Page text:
gurnet. &c. [ —These are not much esteemed amQngst and mucli in il^o the many. using whichever of these ingredients you can procure . or cod is crimped. Cod. Tench and perch must be well scaled and cleaned. with the quantity of salt you otherwise put in the water therefore boil the water plain. 56. it greatly improves skate. from fifteen to twenty minutes trout and haddocks of the size of a iiiackerel. . are preferable done thus. How may to boil Sliced FisJi. of whatever pound of any sort of fish will twenty minutes but ascertain if the bone boiling. -^ Sosik two pounds of salt fish for sis hours. slia^d.Q fish and salt at the same time. if not previously soaked. plaice less than any. — Fresh-water Fish. 411. bayleaf. from the series at No. Halibut and sturgeon will take longer than any other fish. as described in the preceding directions. . 57. a little longer herrings. . a trifling time longer . . carrots. calculating that a take from fifteen to separates easily add your fish. thjrme.Sounds. 23 dther the turbot. 55. Add. 58. will be sufficient. clove.j fcime to boil. Choose whatever sauces you please for any of the above fish. Ling. which have no. Any fish cut in slices will always eat firmer and better if rubbed. and Cod. t on the continent. although some are excellent eating. teaspoonful of salt kind it be. t Q . 411. . previous to boiling. in which some parsnips have been previously boiled. New way of h oiling FisJi. with the addition of a little vinegar. if the iish is thick. Salt Fish. parsby. bay-leaf. and should be put in boiling water. —To every pint of water put a . three sprigs of thyme. according to taste. PAN. and serve with egg-sauce Ko. salmon. Fresh-water fish.FIb'il BOILED IN POT. OB STEW-PAl^. Twenty minutes. The addition of a few herbs and vegetables in the water gives a very nice flavour to the fish. particular flavour. adding a drop of vinegar in the water to any of the above fish is an improvement. Proceed the same with cod-sounds. mace. or according to the cure . aiid pul mto the pan with a pint of water and a teaspoonful of salt. a little sliced onions. when from the flesh. from twelve to fifteen minutes skate. it will take les. fresh haddocks. timing it iu proportion to the other iish that has been put in cold water. pepper. put them in boiling water. one onion. Mackerel will take adding ih. celery. winter savory.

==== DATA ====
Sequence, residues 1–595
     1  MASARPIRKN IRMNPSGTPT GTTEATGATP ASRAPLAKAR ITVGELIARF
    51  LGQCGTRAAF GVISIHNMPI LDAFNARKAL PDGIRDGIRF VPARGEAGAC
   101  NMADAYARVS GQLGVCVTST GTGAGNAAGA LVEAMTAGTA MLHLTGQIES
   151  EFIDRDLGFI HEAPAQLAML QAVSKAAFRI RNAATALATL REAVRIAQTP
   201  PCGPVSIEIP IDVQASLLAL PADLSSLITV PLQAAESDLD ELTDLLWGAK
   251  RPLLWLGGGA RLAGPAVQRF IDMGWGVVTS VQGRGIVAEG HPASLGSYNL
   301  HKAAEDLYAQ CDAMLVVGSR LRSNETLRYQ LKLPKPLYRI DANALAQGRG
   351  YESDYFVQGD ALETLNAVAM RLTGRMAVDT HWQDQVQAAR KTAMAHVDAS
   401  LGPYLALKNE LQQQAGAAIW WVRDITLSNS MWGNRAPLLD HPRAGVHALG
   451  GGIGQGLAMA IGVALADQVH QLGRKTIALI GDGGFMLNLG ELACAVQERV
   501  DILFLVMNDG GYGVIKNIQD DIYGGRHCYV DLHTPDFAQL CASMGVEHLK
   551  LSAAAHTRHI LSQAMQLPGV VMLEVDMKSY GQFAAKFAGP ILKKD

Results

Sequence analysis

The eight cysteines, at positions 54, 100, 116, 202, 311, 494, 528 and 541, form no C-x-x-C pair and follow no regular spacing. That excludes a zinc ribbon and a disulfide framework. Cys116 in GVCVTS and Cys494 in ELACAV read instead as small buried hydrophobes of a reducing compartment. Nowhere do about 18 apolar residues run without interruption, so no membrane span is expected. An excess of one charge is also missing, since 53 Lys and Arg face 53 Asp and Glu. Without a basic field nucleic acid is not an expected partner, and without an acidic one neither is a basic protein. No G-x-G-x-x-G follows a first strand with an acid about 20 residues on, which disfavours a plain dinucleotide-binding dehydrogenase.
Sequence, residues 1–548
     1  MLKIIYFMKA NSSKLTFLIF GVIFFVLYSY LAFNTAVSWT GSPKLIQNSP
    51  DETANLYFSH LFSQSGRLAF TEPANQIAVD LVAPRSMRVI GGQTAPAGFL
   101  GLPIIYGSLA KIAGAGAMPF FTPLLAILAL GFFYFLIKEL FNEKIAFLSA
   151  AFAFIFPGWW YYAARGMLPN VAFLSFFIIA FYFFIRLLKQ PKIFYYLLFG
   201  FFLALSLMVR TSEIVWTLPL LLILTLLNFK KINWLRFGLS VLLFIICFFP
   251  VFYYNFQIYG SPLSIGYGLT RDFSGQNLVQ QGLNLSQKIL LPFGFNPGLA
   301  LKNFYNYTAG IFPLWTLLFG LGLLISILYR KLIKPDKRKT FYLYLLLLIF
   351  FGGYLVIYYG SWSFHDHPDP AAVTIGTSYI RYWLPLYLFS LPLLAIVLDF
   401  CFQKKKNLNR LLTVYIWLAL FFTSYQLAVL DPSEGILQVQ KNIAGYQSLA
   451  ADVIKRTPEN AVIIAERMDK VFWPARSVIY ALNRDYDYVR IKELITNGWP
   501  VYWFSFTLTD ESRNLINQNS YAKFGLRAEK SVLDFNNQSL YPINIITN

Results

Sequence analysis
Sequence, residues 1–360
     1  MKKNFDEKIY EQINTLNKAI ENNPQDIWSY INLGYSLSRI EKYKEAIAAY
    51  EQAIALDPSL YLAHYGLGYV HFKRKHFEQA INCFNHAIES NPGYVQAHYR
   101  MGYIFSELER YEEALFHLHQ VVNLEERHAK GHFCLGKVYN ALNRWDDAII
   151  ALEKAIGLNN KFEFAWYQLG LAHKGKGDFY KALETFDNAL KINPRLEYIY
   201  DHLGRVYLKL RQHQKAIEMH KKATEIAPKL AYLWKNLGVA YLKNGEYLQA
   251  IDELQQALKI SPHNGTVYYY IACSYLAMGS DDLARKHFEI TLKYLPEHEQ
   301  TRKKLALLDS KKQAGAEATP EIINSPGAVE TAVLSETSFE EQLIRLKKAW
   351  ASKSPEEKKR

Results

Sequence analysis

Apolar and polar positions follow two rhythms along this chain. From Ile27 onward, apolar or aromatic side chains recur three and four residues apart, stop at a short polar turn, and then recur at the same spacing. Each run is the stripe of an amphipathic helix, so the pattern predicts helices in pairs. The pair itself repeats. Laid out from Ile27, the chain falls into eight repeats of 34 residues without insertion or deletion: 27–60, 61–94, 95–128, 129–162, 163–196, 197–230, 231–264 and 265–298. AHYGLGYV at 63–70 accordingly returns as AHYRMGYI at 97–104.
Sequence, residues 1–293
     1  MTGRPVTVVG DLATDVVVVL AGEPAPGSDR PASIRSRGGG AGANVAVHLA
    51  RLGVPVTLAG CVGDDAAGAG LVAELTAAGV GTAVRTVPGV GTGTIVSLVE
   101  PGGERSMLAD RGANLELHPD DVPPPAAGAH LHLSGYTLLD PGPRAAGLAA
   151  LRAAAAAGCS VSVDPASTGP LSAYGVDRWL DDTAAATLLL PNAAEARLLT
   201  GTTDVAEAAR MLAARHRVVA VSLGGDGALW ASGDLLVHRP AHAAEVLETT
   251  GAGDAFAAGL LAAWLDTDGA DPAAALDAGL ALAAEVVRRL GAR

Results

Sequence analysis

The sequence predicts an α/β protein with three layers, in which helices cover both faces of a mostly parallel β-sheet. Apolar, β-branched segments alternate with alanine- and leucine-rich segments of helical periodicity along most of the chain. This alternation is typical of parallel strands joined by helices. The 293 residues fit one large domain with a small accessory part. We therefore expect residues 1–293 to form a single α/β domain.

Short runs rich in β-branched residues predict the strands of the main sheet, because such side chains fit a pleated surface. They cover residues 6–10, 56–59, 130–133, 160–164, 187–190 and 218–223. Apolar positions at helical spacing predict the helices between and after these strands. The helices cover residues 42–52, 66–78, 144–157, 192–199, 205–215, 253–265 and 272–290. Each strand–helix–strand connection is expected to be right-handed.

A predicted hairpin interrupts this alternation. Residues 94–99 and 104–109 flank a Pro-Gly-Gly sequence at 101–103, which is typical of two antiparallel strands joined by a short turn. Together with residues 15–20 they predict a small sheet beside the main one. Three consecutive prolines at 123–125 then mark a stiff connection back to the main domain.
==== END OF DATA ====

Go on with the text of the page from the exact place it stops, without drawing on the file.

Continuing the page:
radish. In case the oven is not hot enough to brown the top. 60. Ling. according to $nj fish -sauce. and hold over it. put the shovel in the fire until it is red-hot. Sturgeon. put in the dish one ounce of either butter. especially cod-livei* fitisiiing. one pound boil for half an hour. dry it well. adding three or four pieces of butter or fat over. Salihut. They may be had of all sizes. and sprinkle a little chopped parsley and onions at the bottom lay the sole over. dry well. dip each piece into flour. dripping. like may be used for this excellent mode of cooking by which all the flavour and succulence of it is preserved. and a wineglassful of either wine. Lesson 3. all in proportion a wine-glass of vinegar. and at a very trifling expense. If no herbs or vegetables. 61. mix the remainder of the chopped onions and parsley with some bread crumbs. half an inch thick. If tliey weig^i celery. little —Cut four slices. Uaddoch may be done in the same way. A and grated horseradish and a little spice vfill vary the flavour.— The remains of boikd this way. ITo. size. and cover the sole with them. The oven is far better than the front of a . only it takes longer doing. in Tin Dish.24 FISH m . boil in plain salt and v/ater . or oil. those for baking. 459. or even water underneath . JEalce. ale. Weaver may be done in the same manner. and a little stuffing. but require a sharp oven. Conger Eels.—Codfish. m: they will turn v/atery. 63. fish. fish may always b? done iii A fev7 spoonfnls of melted butter added over . : — fire. —A long square tin dish. put the dish in the oven or before the fire until done a large sole will take about an hour. 62. chop up half an ounce of onions rather small. or cut in slices. Pike and carp may be boiled in the same way. Tlaice may be done the same way. Scale and clean a sole. Whiting are done the same way. Fish in Oven. or broth. 59. Tiesson 1. but the above is a great improvement. Lesson ^. with a little scraped horseand served with parsley and butter.ssd for every one of them. and proceed precisely as for soles. may be u. Serve in the tin. Serve with ^els may be done as above. season with pepper and salt . TIN PAN IN OVEK".